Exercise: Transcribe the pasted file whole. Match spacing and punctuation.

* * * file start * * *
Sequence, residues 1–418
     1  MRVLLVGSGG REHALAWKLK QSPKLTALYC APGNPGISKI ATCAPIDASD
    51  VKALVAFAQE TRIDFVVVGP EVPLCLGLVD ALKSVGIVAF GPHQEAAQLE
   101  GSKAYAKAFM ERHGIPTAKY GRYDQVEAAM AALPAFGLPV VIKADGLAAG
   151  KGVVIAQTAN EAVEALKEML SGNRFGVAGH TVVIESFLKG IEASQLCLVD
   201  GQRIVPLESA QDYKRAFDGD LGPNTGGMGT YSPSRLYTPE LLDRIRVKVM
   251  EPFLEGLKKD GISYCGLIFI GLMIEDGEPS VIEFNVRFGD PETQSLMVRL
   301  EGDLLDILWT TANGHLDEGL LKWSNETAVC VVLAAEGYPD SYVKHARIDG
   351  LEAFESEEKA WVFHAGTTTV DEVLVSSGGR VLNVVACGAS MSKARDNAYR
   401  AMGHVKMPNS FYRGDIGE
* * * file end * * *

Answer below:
Sequence, residues 1–418
     1  MRVLLVGSGG REHALAWKLK QSPKLTALYC APGNPGISKI ATCAPIDASD
    51  VKALVAFAQE TRIDFVVVGP EVPLCLGLVD ALKSVGIVAF GPHQEAAQLE
   101  GSKAYAKAFM ERHGIPTAKY GRYDQVEAAM AALPAFGLPV VIKADGLAAG
   151  KGVVIAQTAN EAVEALKEML SGNRFGVAGH TVVIESFLKG IEASQLCLVD
   201  GQRIVPLESA QDYKRAFDGD LGPNTGGMGT YSPSRLYTPE LLDRIRVKVM
   251  EPFLEGLKKD GISYCGLIFI GLMIEDGEPS VIEFNVRFGD PETQSLMVRL
   301  EGDLLDILWT TANGHLDEGL LKWSNETAVC VVLAAEGYPD SYVKHARIDG
   351  LEAFESEEKA WVFHAGTTTV DEVLVSSGGR VLNVVACGAS MSKARDNAYR
   401  AMGHVKMPNS FYRGDIGE